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Poland's Right-Wing Government Is Now Targeting Judges, Personally

Polish Judge Joanna Knobel has became the victim of a hate mail campaign targeting, among other things, her Jewish background. With new threats being sent to other judges in recent weeks, the country is faced with a dangerous deepening of the divide that puts the institution of a free judiciary.

Women walking through the streets of Poznań, Poland.

Women walking through the streets of Poznań, Poland.

Piotr Żytnicki

POZNAŃ — A witch hunt promoted by the Polish government and amplified by state media has led to a flood of hate mail and threats targeting a judge who recently acquitted pro-choice protesters who demonstrated during a Catholic mass in 2021.

Judge Joanna Knobel became a target of Poland's current ruling party and Justice Minister Zbigniew Ziobro in March, when she acquitted 32 people accused of interrupting mass in a Poznań Cathedral. This was the longest trial for peaceful protests since the Law and Justice party (PiS) took power in 2015.

The protesters had demonstrated in a cathedral in Oct. 2021, after Poland’s government dramatically restricted access to abortions. The archbishop of Poznań, Stanisław Gądecki, publicly thanked the country’s leaders for the new abortion laws. In response, masses of young people stood in front of the altar with signs. The priest stopped delivering his sermon, and the police were called in to arrest the protesters.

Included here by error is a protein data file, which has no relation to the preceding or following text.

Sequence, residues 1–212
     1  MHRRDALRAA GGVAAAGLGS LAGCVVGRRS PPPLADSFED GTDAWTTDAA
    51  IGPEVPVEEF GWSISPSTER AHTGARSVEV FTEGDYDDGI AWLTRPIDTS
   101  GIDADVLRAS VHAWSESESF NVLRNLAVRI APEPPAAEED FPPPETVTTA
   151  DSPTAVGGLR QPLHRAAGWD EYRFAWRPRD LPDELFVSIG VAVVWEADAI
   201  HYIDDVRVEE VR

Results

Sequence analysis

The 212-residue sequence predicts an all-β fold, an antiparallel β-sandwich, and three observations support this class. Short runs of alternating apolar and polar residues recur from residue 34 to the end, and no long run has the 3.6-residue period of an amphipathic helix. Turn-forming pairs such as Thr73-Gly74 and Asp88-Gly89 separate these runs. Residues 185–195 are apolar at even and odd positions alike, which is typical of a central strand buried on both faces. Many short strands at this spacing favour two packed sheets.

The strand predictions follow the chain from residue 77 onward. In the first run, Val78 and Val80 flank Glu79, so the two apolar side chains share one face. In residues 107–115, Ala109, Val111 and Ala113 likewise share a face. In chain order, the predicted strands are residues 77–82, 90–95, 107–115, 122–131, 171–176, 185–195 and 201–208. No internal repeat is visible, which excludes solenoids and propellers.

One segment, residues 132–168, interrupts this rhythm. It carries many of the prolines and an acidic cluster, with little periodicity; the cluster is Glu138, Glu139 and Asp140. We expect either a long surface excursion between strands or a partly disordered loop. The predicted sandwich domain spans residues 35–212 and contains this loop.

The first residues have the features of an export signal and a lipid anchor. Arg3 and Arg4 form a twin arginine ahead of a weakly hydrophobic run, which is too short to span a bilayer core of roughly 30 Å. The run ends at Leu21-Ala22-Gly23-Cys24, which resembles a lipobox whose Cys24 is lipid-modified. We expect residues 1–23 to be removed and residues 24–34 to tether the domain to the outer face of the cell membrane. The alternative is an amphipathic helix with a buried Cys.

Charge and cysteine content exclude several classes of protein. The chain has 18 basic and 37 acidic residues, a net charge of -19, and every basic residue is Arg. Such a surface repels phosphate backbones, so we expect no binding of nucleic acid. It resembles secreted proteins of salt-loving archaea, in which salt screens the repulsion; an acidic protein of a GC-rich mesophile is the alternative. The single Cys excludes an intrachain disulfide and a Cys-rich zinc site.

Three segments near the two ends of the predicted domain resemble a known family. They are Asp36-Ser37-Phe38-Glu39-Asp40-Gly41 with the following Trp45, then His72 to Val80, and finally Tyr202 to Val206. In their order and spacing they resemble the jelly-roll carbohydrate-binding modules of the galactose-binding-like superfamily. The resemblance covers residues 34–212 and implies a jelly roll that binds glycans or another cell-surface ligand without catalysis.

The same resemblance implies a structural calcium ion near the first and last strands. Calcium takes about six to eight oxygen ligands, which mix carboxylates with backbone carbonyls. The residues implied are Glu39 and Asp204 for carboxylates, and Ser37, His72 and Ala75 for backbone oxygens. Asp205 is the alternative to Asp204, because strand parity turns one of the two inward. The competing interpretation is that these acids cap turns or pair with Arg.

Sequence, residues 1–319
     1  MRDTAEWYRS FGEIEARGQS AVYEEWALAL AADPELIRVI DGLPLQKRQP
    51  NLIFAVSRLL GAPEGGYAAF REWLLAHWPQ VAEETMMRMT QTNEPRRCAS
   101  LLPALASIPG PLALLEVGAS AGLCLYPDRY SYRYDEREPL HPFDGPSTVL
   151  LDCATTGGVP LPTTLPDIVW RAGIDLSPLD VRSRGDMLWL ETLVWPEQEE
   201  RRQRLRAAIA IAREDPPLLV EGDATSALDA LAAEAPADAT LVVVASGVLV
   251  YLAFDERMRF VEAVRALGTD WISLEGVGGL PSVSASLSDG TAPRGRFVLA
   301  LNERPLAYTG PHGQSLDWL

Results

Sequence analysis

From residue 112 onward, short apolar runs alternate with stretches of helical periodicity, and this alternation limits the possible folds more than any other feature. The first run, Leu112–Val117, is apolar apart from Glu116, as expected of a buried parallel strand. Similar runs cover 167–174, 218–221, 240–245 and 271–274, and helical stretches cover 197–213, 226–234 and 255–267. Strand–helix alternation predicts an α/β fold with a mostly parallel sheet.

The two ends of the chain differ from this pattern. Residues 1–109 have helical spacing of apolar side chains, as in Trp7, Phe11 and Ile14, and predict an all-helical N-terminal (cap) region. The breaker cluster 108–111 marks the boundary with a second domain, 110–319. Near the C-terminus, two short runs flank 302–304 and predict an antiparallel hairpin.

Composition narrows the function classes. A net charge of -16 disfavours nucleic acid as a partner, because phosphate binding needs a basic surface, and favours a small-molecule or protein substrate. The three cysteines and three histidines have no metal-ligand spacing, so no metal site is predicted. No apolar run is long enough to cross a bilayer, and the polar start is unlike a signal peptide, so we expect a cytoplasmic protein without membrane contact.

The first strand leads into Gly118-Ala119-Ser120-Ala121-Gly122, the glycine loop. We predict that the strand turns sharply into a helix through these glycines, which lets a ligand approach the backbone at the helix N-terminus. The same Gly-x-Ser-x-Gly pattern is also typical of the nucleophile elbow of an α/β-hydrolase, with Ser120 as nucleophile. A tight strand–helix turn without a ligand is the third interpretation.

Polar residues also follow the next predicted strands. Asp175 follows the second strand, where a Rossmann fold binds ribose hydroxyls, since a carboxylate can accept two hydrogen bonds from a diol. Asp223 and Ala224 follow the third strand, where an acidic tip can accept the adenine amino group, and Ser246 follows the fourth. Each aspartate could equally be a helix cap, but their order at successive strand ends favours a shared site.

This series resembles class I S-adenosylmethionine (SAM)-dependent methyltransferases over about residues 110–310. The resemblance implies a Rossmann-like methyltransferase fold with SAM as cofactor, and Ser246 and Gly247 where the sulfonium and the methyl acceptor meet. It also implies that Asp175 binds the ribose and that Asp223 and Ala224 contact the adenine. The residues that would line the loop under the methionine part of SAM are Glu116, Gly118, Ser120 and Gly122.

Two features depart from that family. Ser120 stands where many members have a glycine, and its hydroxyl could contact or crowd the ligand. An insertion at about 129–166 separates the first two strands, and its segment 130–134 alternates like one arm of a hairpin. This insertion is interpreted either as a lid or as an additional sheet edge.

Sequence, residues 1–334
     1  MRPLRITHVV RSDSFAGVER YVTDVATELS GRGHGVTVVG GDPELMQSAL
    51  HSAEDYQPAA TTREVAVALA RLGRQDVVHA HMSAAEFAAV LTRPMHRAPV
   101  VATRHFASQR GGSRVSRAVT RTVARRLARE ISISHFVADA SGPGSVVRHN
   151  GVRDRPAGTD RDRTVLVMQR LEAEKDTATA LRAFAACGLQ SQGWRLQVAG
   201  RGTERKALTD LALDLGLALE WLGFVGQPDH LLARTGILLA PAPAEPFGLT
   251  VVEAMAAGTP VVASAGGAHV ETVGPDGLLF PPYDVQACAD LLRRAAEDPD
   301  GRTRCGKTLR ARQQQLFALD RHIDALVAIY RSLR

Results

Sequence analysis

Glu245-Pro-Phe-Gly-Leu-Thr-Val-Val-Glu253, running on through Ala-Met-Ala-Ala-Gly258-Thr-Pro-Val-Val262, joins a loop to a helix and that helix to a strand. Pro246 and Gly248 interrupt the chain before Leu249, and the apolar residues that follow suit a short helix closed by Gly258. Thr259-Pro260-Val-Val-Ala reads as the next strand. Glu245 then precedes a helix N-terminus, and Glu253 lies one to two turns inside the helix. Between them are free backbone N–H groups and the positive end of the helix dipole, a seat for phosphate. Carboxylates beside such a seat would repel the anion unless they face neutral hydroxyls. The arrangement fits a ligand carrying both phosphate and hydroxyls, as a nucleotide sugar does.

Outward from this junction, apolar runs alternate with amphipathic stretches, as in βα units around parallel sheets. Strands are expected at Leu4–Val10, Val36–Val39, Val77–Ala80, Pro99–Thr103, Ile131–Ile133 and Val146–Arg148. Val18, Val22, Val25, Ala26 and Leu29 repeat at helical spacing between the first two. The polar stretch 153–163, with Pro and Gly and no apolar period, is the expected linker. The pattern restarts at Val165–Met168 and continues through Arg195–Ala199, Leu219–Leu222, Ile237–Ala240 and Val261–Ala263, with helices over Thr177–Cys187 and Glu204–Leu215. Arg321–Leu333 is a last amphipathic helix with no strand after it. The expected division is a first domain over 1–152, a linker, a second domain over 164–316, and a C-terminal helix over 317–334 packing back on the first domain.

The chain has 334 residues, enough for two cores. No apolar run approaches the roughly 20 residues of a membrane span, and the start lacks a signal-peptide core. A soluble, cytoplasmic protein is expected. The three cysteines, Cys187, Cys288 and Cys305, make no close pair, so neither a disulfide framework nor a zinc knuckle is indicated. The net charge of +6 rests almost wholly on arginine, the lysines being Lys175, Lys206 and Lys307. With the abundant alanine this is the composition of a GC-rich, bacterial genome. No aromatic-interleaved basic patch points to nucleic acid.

Now, following the acquittal in March, a slew of comments, both in letters addressed to judge Knobel, and left online, have left her fearing for her personal safety.

“This is what a common whore for sale looks like. Her name is Joanna Knobel and she represents lawlessness."

“The pathological judge Joanna Knobel stated that the protest was not malicious. This clearly proves that she is intellectually disabled!"

This is not the first time that Poland's judiciary has come under fire from the current ruling party Law and Justice, also known as PiS. Last month, the top EU court struck down PiS's judicial overhauls, which included publishing online declarations of judges' memberships of associations, non-profit foundations or political parties. The European Court of Justice declared that these policies were anti-democratic, that they violated judges' right to privacy, and that they undermined the rule of law in Poland.